Focus on strategy
If the outsourcing negotiation focuses on a value-added strategic partnership (quadrant C), such as that required for an e-commerce initiative, the client organization’s key preoutsourcing task is to define a value proposition for the outsourcer to fulfill. For an on-line clothes retailer, an example of a value- added proposition might be to use IT to focus marketing efforts on existing customers likely to spend an average of $25 more per purchase.
The client must take ownership of “stakeholder analysis.” More specifically, the IT organization and the business units must work together to define criteria for business value, focusing on IT alignment with business objectives, effectiveness metrics, and outsourcer capabilities.
To take the retailer example, the business units must define the criteria-such as zip code, demographics, past purchasing frequency, or past purchasing amount-that qualify a customer for targeting. The outsourcer can implement a datamining application that selects the individuals who meet the business unit requirements. Follow-on tracking can measure how efficiently IT reaches the select customers, as well as the effectiveness of the initiative. In other words, were the targeted customers actually willing to spend more?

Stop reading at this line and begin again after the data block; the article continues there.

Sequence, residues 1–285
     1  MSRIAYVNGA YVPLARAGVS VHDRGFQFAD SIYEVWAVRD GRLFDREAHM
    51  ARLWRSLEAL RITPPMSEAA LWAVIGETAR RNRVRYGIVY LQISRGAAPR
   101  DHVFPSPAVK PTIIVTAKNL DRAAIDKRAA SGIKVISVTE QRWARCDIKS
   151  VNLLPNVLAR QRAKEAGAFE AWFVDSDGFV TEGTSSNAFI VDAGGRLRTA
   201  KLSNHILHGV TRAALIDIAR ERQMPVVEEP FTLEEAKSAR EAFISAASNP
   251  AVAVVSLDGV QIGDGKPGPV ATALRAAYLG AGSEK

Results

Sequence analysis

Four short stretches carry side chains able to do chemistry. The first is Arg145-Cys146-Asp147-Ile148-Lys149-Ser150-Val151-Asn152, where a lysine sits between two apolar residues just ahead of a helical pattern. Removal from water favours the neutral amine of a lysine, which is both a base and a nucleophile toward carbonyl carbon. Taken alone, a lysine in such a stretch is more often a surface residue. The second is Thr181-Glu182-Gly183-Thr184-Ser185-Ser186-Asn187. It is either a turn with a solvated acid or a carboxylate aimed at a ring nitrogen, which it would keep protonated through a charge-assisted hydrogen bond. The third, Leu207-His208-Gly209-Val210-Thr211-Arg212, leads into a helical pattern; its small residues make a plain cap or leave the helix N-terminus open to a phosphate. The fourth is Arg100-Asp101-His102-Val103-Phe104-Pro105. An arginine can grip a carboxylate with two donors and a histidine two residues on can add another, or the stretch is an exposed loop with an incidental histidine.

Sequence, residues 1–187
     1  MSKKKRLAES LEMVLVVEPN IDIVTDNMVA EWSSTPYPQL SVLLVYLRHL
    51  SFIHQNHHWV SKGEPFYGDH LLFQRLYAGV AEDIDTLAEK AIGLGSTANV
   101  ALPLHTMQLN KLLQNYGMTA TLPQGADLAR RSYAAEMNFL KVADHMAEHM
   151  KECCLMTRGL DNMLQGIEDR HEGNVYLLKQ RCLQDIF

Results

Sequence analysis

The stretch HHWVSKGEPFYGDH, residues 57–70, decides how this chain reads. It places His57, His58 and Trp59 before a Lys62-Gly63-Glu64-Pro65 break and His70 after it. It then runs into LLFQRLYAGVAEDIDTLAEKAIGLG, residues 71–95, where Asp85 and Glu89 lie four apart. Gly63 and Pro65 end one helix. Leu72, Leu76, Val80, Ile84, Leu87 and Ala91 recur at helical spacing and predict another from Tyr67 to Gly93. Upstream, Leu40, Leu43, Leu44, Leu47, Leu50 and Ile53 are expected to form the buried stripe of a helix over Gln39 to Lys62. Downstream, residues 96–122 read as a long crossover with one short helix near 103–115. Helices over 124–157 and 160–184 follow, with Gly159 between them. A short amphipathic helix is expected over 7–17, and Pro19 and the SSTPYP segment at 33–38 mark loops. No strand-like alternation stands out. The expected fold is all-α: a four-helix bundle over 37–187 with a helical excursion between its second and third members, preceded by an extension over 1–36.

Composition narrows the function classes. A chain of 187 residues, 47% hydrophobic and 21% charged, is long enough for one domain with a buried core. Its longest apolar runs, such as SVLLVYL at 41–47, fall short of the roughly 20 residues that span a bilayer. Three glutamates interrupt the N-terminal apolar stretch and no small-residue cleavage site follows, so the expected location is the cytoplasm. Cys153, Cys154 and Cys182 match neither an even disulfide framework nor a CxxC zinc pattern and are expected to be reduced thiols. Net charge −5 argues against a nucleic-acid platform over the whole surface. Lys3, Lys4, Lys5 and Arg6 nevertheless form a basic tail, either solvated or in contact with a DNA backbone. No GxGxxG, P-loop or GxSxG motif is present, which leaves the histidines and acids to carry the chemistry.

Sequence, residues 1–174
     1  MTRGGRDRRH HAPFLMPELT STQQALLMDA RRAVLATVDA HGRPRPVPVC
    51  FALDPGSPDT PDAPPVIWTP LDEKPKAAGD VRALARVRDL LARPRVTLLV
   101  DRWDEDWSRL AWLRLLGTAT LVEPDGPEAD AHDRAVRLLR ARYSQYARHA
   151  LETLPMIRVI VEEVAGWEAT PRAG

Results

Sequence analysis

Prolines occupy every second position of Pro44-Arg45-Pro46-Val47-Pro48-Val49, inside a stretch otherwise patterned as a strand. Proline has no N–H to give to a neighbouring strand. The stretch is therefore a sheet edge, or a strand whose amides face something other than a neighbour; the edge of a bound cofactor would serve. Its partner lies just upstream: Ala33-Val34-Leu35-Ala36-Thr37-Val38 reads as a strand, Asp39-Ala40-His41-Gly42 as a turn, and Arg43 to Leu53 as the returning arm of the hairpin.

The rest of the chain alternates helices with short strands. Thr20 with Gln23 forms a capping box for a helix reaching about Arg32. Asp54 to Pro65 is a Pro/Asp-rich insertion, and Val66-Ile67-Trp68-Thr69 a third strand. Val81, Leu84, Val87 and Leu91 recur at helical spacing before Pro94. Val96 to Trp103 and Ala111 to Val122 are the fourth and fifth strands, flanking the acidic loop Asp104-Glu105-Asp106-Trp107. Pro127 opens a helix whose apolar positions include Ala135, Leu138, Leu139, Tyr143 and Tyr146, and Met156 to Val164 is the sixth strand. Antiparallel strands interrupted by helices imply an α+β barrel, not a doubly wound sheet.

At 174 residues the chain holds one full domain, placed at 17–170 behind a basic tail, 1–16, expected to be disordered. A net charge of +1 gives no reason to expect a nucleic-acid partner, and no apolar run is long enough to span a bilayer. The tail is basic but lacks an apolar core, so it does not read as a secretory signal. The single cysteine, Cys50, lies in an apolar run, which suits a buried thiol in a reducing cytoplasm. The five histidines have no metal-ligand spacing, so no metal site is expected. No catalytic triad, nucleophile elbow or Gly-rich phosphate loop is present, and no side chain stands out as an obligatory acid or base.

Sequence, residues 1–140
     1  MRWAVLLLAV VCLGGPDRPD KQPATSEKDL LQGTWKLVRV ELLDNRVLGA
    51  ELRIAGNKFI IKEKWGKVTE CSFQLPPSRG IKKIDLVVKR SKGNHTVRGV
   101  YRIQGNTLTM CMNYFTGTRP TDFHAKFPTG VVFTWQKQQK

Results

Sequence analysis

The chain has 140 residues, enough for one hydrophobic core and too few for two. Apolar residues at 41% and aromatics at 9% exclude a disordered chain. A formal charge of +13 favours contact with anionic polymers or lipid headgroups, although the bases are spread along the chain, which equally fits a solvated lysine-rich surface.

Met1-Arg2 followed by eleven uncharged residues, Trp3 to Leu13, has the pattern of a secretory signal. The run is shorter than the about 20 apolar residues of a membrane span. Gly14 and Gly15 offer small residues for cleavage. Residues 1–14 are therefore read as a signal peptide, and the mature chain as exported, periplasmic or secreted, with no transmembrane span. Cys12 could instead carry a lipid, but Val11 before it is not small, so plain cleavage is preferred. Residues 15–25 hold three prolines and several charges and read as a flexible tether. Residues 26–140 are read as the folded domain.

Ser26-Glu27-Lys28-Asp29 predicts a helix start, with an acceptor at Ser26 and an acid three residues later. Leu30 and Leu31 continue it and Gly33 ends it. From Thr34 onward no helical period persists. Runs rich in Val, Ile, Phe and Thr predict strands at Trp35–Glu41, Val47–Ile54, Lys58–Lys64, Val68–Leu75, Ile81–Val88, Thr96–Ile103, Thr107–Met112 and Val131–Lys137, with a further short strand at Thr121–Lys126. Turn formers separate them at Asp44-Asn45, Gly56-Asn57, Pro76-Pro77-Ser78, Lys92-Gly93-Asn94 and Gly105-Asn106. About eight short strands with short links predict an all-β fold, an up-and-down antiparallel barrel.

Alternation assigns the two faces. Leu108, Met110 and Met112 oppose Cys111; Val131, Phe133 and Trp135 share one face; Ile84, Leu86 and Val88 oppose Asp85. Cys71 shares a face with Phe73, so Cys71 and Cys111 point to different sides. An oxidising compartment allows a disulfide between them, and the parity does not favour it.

Value-based measures and links between IT application systems, critical processes, and strategic objectives can track the impact of IT systems’ business success. The client organization can then use these links to manage an outsourcer and build a strategic partnership.